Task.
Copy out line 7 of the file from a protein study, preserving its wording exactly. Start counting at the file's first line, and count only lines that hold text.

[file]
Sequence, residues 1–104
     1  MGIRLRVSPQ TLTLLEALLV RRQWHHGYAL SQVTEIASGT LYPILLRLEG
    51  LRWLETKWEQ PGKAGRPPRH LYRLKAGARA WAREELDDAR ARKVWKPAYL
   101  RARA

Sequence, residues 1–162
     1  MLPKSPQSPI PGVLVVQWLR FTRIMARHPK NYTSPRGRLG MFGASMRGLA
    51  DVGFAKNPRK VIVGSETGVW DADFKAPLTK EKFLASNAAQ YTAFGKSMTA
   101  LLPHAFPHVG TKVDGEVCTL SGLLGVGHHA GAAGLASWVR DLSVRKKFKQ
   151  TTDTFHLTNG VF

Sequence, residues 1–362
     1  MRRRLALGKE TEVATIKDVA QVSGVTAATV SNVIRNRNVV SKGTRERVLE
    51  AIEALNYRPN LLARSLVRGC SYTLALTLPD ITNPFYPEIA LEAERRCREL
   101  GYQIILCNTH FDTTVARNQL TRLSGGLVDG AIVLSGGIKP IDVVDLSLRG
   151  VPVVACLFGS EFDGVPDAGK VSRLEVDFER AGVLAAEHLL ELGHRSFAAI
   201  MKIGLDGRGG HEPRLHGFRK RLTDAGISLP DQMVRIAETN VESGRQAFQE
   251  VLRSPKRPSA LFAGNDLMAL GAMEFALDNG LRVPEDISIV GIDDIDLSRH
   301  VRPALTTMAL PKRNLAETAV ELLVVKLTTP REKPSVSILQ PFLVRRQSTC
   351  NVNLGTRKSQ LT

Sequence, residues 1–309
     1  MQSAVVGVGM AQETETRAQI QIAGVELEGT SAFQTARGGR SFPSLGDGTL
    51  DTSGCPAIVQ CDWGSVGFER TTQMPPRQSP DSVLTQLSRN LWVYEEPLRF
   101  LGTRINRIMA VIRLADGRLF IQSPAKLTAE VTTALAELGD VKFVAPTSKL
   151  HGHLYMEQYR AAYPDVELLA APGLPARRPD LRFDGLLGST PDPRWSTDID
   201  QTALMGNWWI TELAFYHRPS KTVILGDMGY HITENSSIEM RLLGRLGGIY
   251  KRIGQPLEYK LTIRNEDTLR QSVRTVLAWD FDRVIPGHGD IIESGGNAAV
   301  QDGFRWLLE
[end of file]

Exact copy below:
    51  DVGFAKNPRK VIVGSETGVW DADFKAPLTK EKFLASNAAQ YTAFGKSMTA